You are probably wondering who the heck I am and what I am doing here. This is my attempt to tell you.
I am on a personal quest; a quest to create the home of my dreams, welcoming and airy, filled with cottage charm but without spending a fortune. I'm not naturally gifted in this area and I don't have any training. I'm making mistakes along the way. A lot of mistakes. I've been making mistakes for years, in fact.
When I & my husband bought our first home in 2003, a 1930's English-style cottage, I knew I wanted it to feel a certain way, have a certain look: warm and welcoming, light and airy, with period details and old-fashioned charm without being fussy, frilly, cluttered or claustrophobic. How I would achieve this, I had no idea, but what I lacked in experience I made up for with enthusiasm. So, armed only with a love of old quilts, vintage glass, white trim and chippy furniture, I set out to create the home of my dreams.
I failed. Miserably.
I painted every room a different color. A dark color. I went shopping and brought home random selections just because the display was pretty. I hit thrift stores and brought home pieces that weren't my "taste" because they were cheap or because they would be fabulous with just a little tiny bit of work. Like a Magpie, I brought home anything and everything if it caught my attention while shopping. The house started to deteriorate, filling up with random accessories and broken furniture. I started to get really confused. I started to not be sure what my style was after all. I didn't know why my home was frustrating me so much.
I became convinced that it was the spaces themselves that weren't working. I needed to be more creative, more original, more clever. I tried unusual space arrangements, overly clever layouts. I started renovating. I gutted bathrooms and attic spaces, ripped out old decks, rearranged furniture and redesigned the floorplan. More than once. I got rid of the old thrift projects and acquired new ones. Saw a pretty picture in a magazine and completely changed my design direction. Over and over and over, for four and a half years.
What a mess.
Desperate and confused, I started to think my dream of a charming, airy cottage was just not achievable. I gave up. In the summer of 2007 I sold my house and found a fixer in Oregon's wine country, a 1950's ranch with 1980's decor, but all one level with a fantastic floor plan and a big yard. Ugly, but very functional. We bought it, moved our stuff into the garage and focused on getting the old house ready for the market. I had watched enough HGTV to know that my house wasn't going to sell in the state it was in, so we started renovating yet again. But this time, instead of trying to be "clever," I just did the simplest, easiest thing that I thought would appeal to most people. I removed everything non-essential, painted with warm neutrals and bought or borrowed new furniture.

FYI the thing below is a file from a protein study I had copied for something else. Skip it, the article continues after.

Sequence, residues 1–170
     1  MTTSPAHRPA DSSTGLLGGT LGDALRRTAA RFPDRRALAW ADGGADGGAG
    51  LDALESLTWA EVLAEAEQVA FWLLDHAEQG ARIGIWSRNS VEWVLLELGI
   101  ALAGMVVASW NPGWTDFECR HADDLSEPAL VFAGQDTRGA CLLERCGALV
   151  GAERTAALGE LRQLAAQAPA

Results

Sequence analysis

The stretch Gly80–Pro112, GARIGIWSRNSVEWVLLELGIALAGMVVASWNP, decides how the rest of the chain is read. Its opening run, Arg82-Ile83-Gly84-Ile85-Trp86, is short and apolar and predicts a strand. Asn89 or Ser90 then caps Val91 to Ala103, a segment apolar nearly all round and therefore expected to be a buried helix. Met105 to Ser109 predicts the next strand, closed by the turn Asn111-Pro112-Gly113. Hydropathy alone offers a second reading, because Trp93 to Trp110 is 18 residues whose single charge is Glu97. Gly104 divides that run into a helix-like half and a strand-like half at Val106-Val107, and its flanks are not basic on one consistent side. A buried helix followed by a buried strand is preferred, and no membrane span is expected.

It was like the house came into focus. The new furniture was modern and the accessories spare for the market, but the bones were there. The basics were there. I could see how my original vision would work, if I had just started with this simple palette.
It wasn't the space, it was me. I had tried too hard to be clever and original and had mucked up the space with too many ideas and too much stuff. Simple design isn't uninspired, it's a gracious structure within which to showcase wonderful things. Warm neutrals, simple materials. These are all things that provide the structure within which to have all the eclectic, fabulous, mismatched things that a Magpie like me brings home.
Finally, I think I'm getting somewhere. I have a long way to go. I have a lot to learn and I have a ton of questions. And now I have a 1950's ranch with no inherent charm of its own. But I have an idea.
I also have a fire in my belly. I want everyone out there, everyone who is struggling with how to create the cottage home of their dreams, to feel like they have someone they can talk to. I want to help. I still don't know exactly what I'm doing, but I'm doing my best, and if I can do it, you can too.
I'm so glad you're here to take this trip with me.